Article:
Rural Hospitals Struggle Under Private Equity Ownership

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Original article on Electronic Health Reporter

By David L. Schreiner, Ph.D., FACHE

Private equity ownership of rural hospitals is growing, but so are concerns about the effects private equity firms can have on quality of care in small, community hospitals.

A new study reveals that care is riskier for patients at hospitals that are owned by private equity firms. Patients are more likely to fall, get new infections, or experience other forms of harm during their stay at a hospital acquired by a private equity firm. Researchers in the aforementioned study found the findings were alarming because they indicated an inference that financial incentives were deemed more important than patient care. There are at least 130 rural hospitals under the ownership of private equity.

Financial factors

Private equity ownership prioritizes short-term financial returns over long-term community needs. This can threaten services like obstetrics that lose money but are important to access.

When private equity-owned imaging centers and ambulatory surgery centers open near rural hospitals, it creates financial challenges. Private equity may restrict the number of Medicaid patients they accept, taking those patients with commercial insurance away from rural hospitals that accept all patients regardless of insurance status or ability to pay. This is problematic for rural hospitals, as Medicaid patients make up around 30% of their patient population. Examples include outpatient imaging centers and ambulatory surgery centers.

Studies have also found that patients experience worse clinical outcomes at hospitals owned by private equity. This could be due to reduced staffing levels that occur under private equity ownership. Private equity firms are known to cut costs through measures like decreasing nurse-to-patient ratios. For rural hospitals, which already operate on thin margins, competition for talented staff can be challenging.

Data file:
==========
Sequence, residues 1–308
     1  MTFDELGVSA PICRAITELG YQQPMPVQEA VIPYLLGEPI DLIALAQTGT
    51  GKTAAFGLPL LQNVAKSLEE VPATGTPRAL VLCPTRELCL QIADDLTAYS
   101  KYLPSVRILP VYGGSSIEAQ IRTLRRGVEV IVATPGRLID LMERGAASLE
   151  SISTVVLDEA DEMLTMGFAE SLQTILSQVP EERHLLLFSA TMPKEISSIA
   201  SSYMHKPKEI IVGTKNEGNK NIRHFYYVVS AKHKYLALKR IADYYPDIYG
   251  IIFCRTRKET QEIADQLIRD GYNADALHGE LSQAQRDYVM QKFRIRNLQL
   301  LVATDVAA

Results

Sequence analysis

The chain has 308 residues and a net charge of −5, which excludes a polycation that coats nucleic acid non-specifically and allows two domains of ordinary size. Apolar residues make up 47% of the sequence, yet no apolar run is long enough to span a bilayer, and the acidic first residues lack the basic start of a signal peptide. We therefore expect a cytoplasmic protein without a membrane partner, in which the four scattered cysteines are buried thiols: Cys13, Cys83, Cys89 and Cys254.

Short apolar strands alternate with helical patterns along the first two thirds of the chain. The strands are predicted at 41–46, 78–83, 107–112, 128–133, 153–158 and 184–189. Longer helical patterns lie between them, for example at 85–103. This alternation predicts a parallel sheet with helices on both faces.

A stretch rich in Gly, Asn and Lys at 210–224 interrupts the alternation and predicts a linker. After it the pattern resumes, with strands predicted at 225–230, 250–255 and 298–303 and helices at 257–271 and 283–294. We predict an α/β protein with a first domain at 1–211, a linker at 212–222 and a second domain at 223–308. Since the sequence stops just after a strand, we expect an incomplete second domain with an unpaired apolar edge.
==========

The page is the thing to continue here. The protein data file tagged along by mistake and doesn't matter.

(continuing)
The value of local relationships

Healthcare, like politics, is local. While many hospitals offer similar services, these offerings are tailored to the local population they serve based on various factors, including religion, culture, key employers and, yes, even weather. And the smaller the hospital and its service area (imagine a map of a rural hospital’s primary service area), the more tailored services are for the population they serve.

The rural hospital where I work, Katherine Shaw Bethea Hospital in Dixon, Ill., prioritizes keeping physicians and providers local. Having doctors and nurses who live in the community allows for personalized care tailored to each patient’s individual needs. This level of personal attention may be lost at larger hospitals with absentee ownership.

Rural patients value the relationships and familiarity they have with providers who are their neighbors. In rural areas, we know our patients on a more personal level. Team members in our clinics often know that Mrs. Smith is a talker and needs a 20-minute appointment, while Mrs. Jones wants to be in and out as quickly as possible. This knowledge might also have a clinical impact when providers see behaviors atypical for that individual.

Independent rural hospitals as economic drivers

Local ownership is often the largest economic driver in the community. Rural hospitals provide jobs and support local businesses, leading to improved living conditions for many in the region.

While private equity can provide needed capital for facility upgrades, I’m concerned about rural hospital independence being threatened. Two U.S. senators have launched investigations finding private equity ownership leads to workforce cuts and reduced quality. Ensuring transparency and accountability is also more difficult with private firms not required to meet the same disclosure standards as non-profit hospitals.

For the future of rural healthcare, fundamental reforms are needed to support small, independent community hospitals financially. I hope policymakers will address how to best care for the “tweener” rural hospitals left out of many conversations. Without changes, more hospitals may be forced to turn to private equity, and the impacts on local access to care could be significant.

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